Who Needs Intra-Workout Carbs:

People who are lean and want to gain muscle mass, athletes exercising for longer than 60 minutes, or those exercising with high volume and intensity (i.e. high volume bodybuilders or CrossFitters).

Intra-workout carbs are not always necessary and use is typically dependent on duration and intensity of exercise. For example, intra-workout carbs would be very useful during workouts longer than 60 minutes or a CrossFit competition with multiple events.

The intra-workout carbs can help provide additional energy and urge your body to continue using the carbohydrates as fuel instead of storing and conserving energy and becoming fatigued.

If your main goal is to build muscle, consuming liquid carbs intra-workout will help blunt the cortisol response during training and prevent any catabolic processes (2). By decreasing the muscle damage, you will be able to recover faster and workout harder tomorrow.


Avoid intra-workout carbs if your main goal is fat loss, if you primarily do strength based or lower intensity workouts, OR you’re an explosive athlete who actually needs that cortisol response to perform at the highest level. A good example of this would be olympic lifters; even though a session could very well take 2 hours to complete, they need to stay in the 1-3 rep range and be maximully explosive. Because of that, cortisol may actually help them stay in that sympathetic driven state (one reason Charles Poliquin was not a fan of intra-workout carbs).

Not all workouts require the same amount of glycogen as bodybuilding or CrossFit, and therefore intra-workout carbs are unnecessary. In addition, not all workouts require the same recovery demand as bodybuilding (example again is the Olympic lifters; bodybuilders want to recover and grow, whereas Oly lifters want to produce explosive reps only). Instead, opt for post-workout carbs to aid recovery, blunting the cortisol response AFTER the session, as discussed below.

Post-Workout Carbs

Defined As:

Carbohydrates consumed after you have finished training


The goal of your post-workout meal is to calm the stress response from training, kick start the recovery process, and avoid a catabolic state. Your body is very insulin sensitive post-workout and is primed to use carbohydrates to replenish glycogen, not storing any as body fat, which is another reason this is a powerful time to consume – not necessarily because you’ll gain more muscle from rushing to carbs, but because it’s less likely your body will partition those calories as fat instead of muscle. It’s not a make or break it benefit, but why not utilize this sensitive time?!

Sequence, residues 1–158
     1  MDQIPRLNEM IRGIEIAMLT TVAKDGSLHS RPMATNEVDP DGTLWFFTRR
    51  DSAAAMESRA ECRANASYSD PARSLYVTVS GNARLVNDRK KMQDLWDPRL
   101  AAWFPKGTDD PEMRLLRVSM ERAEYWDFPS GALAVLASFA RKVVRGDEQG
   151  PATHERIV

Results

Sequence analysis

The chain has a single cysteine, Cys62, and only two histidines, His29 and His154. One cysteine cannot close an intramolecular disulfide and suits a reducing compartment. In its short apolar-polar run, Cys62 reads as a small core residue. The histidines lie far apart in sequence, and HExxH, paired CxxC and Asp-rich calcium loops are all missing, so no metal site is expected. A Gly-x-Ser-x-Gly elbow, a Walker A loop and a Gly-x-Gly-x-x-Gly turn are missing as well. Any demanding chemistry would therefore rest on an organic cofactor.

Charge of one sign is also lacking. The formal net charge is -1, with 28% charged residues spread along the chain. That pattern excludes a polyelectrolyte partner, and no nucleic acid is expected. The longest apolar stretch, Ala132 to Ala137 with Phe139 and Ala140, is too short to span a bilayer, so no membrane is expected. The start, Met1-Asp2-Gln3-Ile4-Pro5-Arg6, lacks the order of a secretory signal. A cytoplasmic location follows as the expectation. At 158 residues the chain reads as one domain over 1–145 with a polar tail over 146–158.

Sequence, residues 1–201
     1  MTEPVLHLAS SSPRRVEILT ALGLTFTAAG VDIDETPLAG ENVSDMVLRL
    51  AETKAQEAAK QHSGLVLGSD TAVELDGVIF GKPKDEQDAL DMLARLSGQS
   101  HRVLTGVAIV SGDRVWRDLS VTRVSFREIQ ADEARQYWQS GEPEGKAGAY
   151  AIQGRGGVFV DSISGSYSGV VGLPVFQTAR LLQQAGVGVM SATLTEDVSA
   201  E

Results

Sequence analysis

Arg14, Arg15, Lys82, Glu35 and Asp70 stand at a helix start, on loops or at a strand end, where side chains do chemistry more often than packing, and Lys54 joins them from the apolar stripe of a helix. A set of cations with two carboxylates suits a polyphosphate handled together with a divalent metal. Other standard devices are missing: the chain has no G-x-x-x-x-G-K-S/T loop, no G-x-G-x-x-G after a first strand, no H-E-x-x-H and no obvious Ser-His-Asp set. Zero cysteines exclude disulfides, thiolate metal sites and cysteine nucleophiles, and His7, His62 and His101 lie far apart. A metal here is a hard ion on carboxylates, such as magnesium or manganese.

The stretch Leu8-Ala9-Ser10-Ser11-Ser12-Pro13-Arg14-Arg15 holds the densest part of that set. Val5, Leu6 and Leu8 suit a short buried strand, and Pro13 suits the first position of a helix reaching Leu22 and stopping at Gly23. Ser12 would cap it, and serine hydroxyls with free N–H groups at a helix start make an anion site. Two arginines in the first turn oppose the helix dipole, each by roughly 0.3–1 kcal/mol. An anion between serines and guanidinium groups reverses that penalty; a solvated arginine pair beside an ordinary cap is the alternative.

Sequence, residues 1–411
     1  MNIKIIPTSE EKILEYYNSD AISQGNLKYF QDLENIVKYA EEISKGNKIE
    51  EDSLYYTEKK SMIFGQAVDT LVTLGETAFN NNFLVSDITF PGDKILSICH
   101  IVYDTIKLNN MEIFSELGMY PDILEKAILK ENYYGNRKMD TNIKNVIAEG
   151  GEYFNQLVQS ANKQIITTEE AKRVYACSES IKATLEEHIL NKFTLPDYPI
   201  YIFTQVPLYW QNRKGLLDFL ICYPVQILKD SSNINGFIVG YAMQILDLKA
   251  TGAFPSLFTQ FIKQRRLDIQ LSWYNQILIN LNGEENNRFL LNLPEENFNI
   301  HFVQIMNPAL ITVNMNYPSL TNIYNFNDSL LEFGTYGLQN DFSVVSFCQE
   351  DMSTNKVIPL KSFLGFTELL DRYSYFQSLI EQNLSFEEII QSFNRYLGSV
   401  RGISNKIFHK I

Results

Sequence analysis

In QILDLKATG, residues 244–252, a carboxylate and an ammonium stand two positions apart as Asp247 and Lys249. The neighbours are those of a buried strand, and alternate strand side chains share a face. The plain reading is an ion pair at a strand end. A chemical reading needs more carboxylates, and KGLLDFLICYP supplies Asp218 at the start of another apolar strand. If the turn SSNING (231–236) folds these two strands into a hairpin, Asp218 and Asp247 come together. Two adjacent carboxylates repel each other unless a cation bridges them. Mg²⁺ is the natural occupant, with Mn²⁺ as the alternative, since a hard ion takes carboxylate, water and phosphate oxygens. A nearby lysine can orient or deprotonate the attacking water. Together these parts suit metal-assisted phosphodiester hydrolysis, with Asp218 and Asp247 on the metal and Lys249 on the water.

Who Needs Post-Workout Carbs:

Pretty much everyone

In previous years, as briefly mentioned, it was a popular opinion that you had to consume protein and carbs immediately post workout or else sacrifice all muscle growth. With better research methods today, we know that’s not exactly true.

You do need to consume protein and carbohydrates after your training session to prevent a catabolic state, but the post-workout window is larger than previously assumed. Recent studies show muscles to be most sensitive to resynthesis within three hours after training. Therefore, we recommend consuming quick digesting carbs and protein upon completion of training, no later than three hours post-training, to reap the anabolic benefits.

The more stressed out your lifestyle is and/or the more intense your training is, the faster that drink should be consumed – but not because it’s more anabolic for growth, but because it’s more likely to reduce the stress response by spiking insulin faster which inherently blunts the cortisol response.

For the average person, one serving of each (25g protein + 25g carbs) at minimum should be consumed post-workout, two servings for larger athletes.. I recommend avoiding fats in your post-workout meal to prevent delayed digestion and any GI upset.

If you are done training and have time to eat a solid meal after your workout, consume easily digestible protein and carbohydrates such as chicken, egg whites, rice, and potatoes. Starches are preferred over fruits as a post-workout carb source because of how our bodies digest fructose. Both starches and fruits spike insulin and blunt cortisol, helping to shift into the parasympathetic nervous system, but fruits are predominantly sugars that will be stored in the liver and therefore have less of an effect on muscle glycogen, recovery, and insulin.

A good strategy for many of our serious lifters is to supplement the post workout window with HBCD + Whey, at a 1:1 or 2:1 ratio, immediately post workout, if intra-workout carbs were not consumed. After this, they can take their time getting to their full meal, which at this point can be more balanced across all the macronutrients (protein | carb | fat).

Total carbohydrate consumption will be very individual and depend on your current lifestyle, exercise routine, and future goals. For more specific details on how to fuel your best performance, go and fill out the form for  one on one nutrition coaching through this link.


  1. “Effect of a sports drink based on highly-branched cyclic dextrin on cytokine responses to exhaustive endurance exercise.”
  2. Mountain Dog Training and Nutrition by John Meadows CSCS, IFFB Pro
  3. “Independent and combined effects of liquid carbohydrate/essential amino acid ingestion on hormonal and muscular adaptations following resistance training in untrained men.”